Compensation tax

Income tax, social security and wage tax compliance requirements are becoming increasingly complex and are constantly changing. Companies need to ensure that their global remuneration policy is compliant with legal and regulatory requirements wherever their employees are working. Global tax compliance and tax efficient incentive plans are vital if the maximum value is to be achieved for both employers and employees. Our Compensation Tax team provides proactive advice on compensation and employee retention plans, wage and income tax compliance services, cross border tax and social security advice.

Practical advice that works

The nature of employee compensation means that operational accuracy and compliance is essential. Errors can be costly as they result in reputational damage as well as financial loss. As tax authorities across the globe increasingly co-operate with each other, disclosure demands are increasing, and tax and social security rates rise worldwide, companies need to take even greater care to achieve cross border compliance. Our Compensation team provides a hands-on service to ensure your compliance works in practice not just in theory, wherever you deploy your people.

30%-Expatriate Ruling

The 30% ruling is a tax benefit available to a specific group of foreign employees temporarily working in the Netherlands. Effectively it represents a tax-free allowance of 30% of the taxable salary. The purpose of the allowance is to cover extra-territorial expenses incurred by an expatriate employee as a result of a temporary work assignment to the Netherlands.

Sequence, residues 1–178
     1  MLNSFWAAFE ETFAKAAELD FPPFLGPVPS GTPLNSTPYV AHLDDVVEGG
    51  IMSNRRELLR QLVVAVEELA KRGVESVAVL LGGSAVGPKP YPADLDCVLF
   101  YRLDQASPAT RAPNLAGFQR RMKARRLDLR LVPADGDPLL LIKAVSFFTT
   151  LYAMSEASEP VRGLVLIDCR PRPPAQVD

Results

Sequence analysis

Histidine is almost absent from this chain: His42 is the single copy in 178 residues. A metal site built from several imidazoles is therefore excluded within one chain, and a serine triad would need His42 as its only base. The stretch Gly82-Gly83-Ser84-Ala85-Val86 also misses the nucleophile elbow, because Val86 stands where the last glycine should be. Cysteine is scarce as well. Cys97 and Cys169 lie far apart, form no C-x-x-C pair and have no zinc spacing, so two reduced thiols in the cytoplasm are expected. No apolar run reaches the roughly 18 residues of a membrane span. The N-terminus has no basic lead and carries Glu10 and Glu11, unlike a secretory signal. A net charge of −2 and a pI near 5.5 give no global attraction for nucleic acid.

Download our 30%-memo here

We can assist with the following services in this respect:
– determining eligibility for the Ruling;
– provide you with employer- cost and gross to net calculations;
– application of the 30%-Ruling.

As of 1 January 2019, the duration of the 30% ruling has been shortened from eight to five years.  Transitional law applies to employees who already have obtained a 30% ruling before 1 January 2019. For this group of employees, we recommend to check whether the 30% ruling is still applicable to them. The following overview can be used to determine whether the 30% ruling can still be applied and what the new end date will be under the transitional law. We recommend you to set this new end date of the 30% ruling in the payroll administration, as the Dutch tax office will not adjust the 30% ruling decision and employers should review this themselves. In case the 30% ruling of one of your employees has ended per 31 December 2020, then you can still adjust this is in the current payroll administration.